In Conversation: Amara Lakhous and Adam Shatz
Tuesday May 3, 2016
“As a novelist of culture clash, Lakhous has the faculty to maintain colorful voices with the luxury of introducing political themes as instantiations of character”
International author Amara Lakhous was joined in conversation with Adam Shatz to discuss his new novel The Prank of the Good Little Virgin of Via Ormea.
About The Prank of the Good Little Virgin of Via Ormea by Amara Lakhous
A fun and farcical novel, this new "whodunit" about life in multicultural Italy by Amara Lakhous will delight fans of Lakhous' earlier bestseller, Clash of Civilizations Over an Elevator in Piazza Vittorio, and readers of novels such as The Yacoubian Building by Alaa Al Aswany.
Bittersweet, like any self-respecting Italian comedy, The Prank is a Pirandellian exploration of identity in today's multicultural, polyglot societies. Lakhous draws inspiration from everyday reality, describing his approach to writing as "total literature," a term he has adapted from soccer's "total football." He plays in attack, describing in this work the realities of an Italy of the future with colorful characters portrayed in limpid but lively prose.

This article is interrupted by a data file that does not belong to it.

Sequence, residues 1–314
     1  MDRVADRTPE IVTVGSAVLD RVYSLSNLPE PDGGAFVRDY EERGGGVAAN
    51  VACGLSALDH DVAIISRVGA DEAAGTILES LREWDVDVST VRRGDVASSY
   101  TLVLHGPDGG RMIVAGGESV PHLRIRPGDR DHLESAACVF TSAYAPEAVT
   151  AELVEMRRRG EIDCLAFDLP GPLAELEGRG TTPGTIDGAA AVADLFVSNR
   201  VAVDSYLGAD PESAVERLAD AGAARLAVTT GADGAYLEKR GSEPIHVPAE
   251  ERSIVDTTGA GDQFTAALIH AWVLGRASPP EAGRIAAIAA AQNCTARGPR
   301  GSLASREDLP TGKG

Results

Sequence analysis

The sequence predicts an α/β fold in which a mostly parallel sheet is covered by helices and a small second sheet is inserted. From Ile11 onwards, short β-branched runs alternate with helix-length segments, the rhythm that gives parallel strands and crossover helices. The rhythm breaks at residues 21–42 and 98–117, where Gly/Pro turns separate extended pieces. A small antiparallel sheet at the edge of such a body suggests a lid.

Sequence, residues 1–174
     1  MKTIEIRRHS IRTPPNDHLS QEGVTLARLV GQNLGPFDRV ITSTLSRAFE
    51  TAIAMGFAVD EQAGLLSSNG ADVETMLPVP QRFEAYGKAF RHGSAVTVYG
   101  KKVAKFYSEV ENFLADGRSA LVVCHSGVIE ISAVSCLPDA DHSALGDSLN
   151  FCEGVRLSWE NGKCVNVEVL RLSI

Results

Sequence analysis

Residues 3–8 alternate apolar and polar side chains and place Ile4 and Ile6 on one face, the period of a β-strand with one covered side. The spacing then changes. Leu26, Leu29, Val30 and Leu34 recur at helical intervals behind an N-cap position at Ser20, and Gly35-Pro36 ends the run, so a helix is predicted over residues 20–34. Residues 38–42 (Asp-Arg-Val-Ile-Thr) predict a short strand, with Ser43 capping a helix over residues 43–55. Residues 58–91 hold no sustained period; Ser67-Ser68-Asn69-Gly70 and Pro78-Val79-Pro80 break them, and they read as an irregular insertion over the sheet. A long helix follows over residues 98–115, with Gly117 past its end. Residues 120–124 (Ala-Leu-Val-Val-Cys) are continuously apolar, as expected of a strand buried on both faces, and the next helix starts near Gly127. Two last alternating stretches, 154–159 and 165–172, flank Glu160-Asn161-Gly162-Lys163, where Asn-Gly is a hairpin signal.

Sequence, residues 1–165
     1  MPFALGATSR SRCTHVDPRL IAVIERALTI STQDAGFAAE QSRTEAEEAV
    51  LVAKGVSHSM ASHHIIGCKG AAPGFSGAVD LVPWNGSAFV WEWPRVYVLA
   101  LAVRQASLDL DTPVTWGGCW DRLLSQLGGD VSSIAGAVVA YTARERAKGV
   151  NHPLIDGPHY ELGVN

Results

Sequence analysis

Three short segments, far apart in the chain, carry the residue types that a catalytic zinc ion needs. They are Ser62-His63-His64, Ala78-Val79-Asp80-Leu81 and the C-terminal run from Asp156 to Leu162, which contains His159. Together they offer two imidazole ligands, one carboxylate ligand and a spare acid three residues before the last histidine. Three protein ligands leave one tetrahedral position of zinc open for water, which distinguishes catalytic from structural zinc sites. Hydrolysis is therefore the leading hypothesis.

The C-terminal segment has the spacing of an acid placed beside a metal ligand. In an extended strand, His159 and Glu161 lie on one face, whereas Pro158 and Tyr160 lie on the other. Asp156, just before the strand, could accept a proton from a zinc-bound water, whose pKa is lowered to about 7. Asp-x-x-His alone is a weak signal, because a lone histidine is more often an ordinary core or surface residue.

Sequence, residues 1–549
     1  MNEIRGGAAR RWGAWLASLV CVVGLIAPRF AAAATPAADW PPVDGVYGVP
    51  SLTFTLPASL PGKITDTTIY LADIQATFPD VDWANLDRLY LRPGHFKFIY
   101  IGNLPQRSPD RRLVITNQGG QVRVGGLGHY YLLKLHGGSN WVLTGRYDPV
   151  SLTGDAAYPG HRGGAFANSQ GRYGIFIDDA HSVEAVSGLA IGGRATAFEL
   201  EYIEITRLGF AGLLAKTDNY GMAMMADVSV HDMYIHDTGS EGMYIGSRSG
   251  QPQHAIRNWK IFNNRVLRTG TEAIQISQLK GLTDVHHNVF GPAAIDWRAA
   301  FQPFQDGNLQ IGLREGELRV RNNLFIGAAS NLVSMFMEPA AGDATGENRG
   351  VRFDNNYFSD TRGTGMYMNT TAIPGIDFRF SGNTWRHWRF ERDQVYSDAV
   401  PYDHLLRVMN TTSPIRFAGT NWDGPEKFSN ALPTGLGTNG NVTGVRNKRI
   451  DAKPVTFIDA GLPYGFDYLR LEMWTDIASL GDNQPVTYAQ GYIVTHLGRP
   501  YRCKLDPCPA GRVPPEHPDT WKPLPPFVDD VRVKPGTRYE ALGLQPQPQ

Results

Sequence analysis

Amara Lakhous was born in Algiers in 1970. He has a degree in philosophy from the University of Algiers and another in cultural anthropology from the University la Sapienza, Rome. He recently completed a Ph.D. thesis entitled “Living Islam as a Minority.” His first novel, Le cimici e il pirata (Bedbugs and the Pirate), was published in 1999. Clash of Civilizations Over an Elevator in Piazza Vittorio (Europa Editions, 2008) was awarded Italy’s prestigious Flaiano Prize and was described by the Seattle Times as a “wonderfully offbeat novel.”
Adam Shatz is a contributing editor at the London Review of Books. His essays and reportage have also appeared in The New York Review of Books, The New Yorker, the New York Times Magazine and The Nation.